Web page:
Of the four, Porquerolles (left) is by far the most popular, probably because it’s just a 10-minute ride away from the French coast, has a charming village at its heart and makes for a glorious day of hiking or cycling on the numerous marked trails.
But even better is the national park island of Port-Cros (above), a haven for divers and snorkellers, who can find underwater signs telling them the names of the abundant fish and marine life on offer in and around the submerged caves here.
If you prefer terra firma, the island itself is magical – no transport of any kind other than your feet, which have the option of following three trails running along the coast and inland to discover all manner of beautiful natural attractions.
Via direct flights from London Stansted or City to Toulon-Hyères airport, then day boats to the islands.
8. Margaret Island, aka Margitsziget
Europe’s most famous river island is probably the Île Saint-Louis in Paris, but for our money, Margitsziget Island, set in the Danube and the heart of Budapest is just as lovely, and has a lot more to commend it.
For a start, the whole thing is a park, and can be navigated by an imaginative array of vehicles, from golf carts and electric scooters to bikes, all of which can be hired at Margaret bridge, which connects the island with the rest of the city.
Then there are the spas; not one but two, in the shape of family-friendly Palatinus, with thermal and adventure pools, and the more stately Danubius Health Spa Resort Margitsziget (visitbudapest.travel/activities), which offers both indoor and outdoor pools, plus hydro pool, whirlpool baths, a thermal bath, sauna, steam room and even the intruigingly named aroma cabin.
It’s all very Soviet-era 70s décor and architecture, but that doesn’t detract from the warming delights of the 70°C/170°F, mineral-rich natural water supplied by Sigmund spring (Zsigmond forrás) under the island.
Above it, the attractions continue with an Art Nouveau water tower which holds exhibitions and is the location for the Budapest Summer Festival (http://eng.szabadter.hu/), a Japanese garden with a waterfall, the ruins of a Franciscan church and, what surely no park should be without, a musical fountain playing Simon and Garfunkel.
Via direct flights to Budapest.
England’s most easterly island, nine miles south-east of Colchester, is as surprising as the fact that Mersea really is an island… well, sometimes.
Connected to the Essex mainland by an ancient Roman causeway known as the Strood, the occasional times it’s submerged make getting here a real adventure, but once you’re safely across, it’s an ethereally peaceful spot, offering some great walks in the Cudmore Grove Country Park nature reserve (visitparks.co.uk/places/cudmore-grove), or along salt marshes once walked by rhinos, Romans and smugglers.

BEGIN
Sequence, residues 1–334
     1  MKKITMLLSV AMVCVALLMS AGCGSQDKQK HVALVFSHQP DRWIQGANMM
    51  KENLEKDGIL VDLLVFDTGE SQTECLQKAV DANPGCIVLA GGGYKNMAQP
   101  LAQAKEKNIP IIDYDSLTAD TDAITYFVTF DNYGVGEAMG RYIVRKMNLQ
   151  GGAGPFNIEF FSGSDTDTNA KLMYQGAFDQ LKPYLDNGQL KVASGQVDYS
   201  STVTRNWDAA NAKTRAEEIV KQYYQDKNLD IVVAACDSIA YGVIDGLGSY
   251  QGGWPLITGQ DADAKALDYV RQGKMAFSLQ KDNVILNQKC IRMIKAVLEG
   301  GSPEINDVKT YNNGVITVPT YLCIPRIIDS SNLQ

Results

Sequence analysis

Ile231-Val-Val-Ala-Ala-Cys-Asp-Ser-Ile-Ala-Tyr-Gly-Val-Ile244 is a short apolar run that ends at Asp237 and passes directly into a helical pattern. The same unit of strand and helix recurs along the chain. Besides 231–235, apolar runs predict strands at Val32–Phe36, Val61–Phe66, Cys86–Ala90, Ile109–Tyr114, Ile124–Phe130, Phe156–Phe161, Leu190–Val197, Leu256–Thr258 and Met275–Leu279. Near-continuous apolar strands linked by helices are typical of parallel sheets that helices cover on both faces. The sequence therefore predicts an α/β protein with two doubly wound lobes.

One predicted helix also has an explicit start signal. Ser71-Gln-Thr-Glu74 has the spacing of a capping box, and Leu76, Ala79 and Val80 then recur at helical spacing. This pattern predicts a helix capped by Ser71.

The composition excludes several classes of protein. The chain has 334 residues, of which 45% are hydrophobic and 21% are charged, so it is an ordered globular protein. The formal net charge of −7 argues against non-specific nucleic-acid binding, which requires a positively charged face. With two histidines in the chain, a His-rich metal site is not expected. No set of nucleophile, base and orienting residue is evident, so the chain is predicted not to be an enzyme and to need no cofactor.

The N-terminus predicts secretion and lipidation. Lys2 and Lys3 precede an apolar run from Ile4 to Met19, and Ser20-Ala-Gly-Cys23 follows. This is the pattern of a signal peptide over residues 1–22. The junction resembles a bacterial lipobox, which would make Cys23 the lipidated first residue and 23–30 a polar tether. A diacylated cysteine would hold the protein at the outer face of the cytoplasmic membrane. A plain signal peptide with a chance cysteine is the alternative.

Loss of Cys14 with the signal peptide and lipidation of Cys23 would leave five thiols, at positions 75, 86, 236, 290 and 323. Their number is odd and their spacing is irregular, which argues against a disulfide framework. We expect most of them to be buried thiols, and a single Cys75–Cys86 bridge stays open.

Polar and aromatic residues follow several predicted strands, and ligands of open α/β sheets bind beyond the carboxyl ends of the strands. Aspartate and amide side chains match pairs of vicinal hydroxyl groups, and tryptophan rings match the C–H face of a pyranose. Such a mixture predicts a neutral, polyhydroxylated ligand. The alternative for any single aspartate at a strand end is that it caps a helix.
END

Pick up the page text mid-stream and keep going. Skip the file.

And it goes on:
If you’re lucky, you might discover a fossil on the beaches and cliffs of East Mersea, where sharks' teeth and monkey, bear and bison bones dating back 300,000 years can be found.
But even the unlucky will have no trouble finding the Gigas ‘rocks’ and Colchester Native oysters declared by Pliny the Elder more than 2000 years as ‘the only good thing to come out of Britain.’
See if you agree at spots like the West Mersea Oyster Bar (www.westmerseaoysterbar.co.uk), and East Mersea’s Mehalah’s at Oysters & Ale (tomhaward.wix.com/mehalahs), where you can also pick up a picnic hamper and set off to explore this most beguiling of destinations.
On the 67B bus running from Colchester to West Mersea.
10. And perhaps, one day… World Islands?
It could only happen in Dubai (or possibly Las Vegas) – 300 artificial islands constructed in the shape of a world map, plonked in the waters of the Persian Gulf four miles off Dubai’s coast.
Conceived 14 years ago by the ruler of Dubai, it was full steam ahead for the World Islands archipelago until the financial crisis of 2008 put everything on hold. Development since has been slow to pick up steam, but the ‘Heart of Europe’ project is under way, with a projected roll-out in 2020 that will enable visitors to have breakfast in France, lunch in Italy and dinner in Germany.
For now, ‘the Island’ (theisland.ae) is currently the only development to have opened its doors to the public, and offers a bookable day trip that takes in two beaches, a swimming pool, beach volleyball court and, of course, a restaurant.
Via direct flights to Dubai, then speedboat transfer every hour from Jumeirah Fishing Harbour 1.